Meanwhile, on December 21, 2005, the company, Schultz, and Grenke filed a petition to compel arbitration in the Contra Costa action. Turner opposed the petition, but against the possibility that the petition would be granted, he also requested that the court take action to allow him to participate in a new selection of the arbitrators. The Contra Costa County Superior Court granted the petition on March 13, 2006, and declined to intervene in the AAA‟s procedures for selecting an arbitrator. [End of quotation from Turner I.]

In Turner I, this court granted defendants‟ motion to dismiss the appeal, concluding that any decision we made in connection with Turner‟s request for an order and injunction restraining the defendants from taking any action concerning the arbitration unless an order compelling arbitration was issued could have no practical effect on the parties, because such an order had been issued in the Contra Costa action. (Turner I, supra, at pp. 1, 3, 4.) In Turner II, for the same reason, we dismissed as moot Turner‟s appeal of the judgment entered after the trial court sustained the demurrer of AAA, which was also a defendant in the action, on the ground that it enjoyed arbitral immunity. (Turner II, supra, at pp. 1, 3-5.)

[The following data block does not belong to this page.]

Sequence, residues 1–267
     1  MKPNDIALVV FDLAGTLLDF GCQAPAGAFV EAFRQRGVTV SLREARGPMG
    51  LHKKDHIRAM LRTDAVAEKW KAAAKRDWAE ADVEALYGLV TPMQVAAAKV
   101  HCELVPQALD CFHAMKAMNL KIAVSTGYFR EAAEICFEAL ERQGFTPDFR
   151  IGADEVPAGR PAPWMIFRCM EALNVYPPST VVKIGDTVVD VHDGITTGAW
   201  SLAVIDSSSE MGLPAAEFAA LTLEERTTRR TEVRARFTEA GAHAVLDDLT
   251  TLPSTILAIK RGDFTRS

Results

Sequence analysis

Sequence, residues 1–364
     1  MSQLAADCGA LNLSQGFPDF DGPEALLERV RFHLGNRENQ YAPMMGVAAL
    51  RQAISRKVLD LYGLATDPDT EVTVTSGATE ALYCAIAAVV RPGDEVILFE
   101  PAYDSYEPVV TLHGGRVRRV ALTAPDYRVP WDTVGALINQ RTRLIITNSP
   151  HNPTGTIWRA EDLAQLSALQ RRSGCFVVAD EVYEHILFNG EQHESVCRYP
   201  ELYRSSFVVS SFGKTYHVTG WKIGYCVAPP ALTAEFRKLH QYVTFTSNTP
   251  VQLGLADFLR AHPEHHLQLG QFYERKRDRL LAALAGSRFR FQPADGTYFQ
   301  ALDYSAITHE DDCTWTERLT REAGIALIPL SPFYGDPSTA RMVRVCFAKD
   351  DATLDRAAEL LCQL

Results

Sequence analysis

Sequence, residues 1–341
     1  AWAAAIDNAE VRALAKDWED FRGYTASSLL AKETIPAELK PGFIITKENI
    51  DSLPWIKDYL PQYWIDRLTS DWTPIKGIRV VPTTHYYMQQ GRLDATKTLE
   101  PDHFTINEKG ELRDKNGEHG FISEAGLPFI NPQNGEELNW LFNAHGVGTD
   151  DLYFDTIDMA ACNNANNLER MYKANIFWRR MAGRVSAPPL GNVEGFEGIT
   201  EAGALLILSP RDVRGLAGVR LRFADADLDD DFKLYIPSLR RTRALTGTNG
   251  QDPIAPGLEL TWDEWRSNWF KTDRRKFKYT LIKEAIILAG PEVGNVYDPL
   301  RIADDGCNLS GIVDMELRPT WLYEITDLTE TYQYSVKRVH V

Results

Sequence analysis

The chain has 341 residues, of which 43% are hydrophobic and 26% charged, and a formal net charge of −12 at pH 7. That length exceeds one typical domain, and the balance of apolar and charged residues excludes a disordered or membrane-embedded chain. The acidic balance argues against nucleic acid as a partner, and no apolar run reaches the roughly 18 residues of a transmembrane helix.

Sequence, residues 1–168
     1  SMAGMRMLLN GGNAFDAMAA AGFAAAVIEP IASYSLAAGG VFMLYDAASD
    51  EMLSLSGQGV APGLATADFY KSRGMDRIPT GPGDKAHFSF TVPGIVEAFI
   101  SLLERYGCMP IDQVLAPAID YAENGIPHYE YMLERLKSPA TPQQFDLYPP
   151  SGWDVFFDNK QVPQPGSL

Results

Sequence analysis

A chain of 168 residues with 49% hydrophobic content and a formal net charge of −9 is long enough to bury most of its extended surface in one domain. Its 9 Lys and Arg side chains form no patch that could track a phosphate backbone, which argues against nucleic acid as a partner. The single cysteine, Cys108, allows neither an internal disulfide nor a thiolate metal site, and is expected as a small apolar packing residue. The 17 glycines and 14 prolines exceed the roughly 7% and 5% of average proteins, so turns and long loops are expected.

Defendants thereafter moved in the trial court for judgment on the pleadings, and the trial court granted the motion and entered judgment in defendants‟ favor. The court also ruled that defendants were entitled to their costs and attorney fees in an amount to be determined. Defendants moved for an award of the attorney fees they incurred in their successful defense of the San Francisco action, ...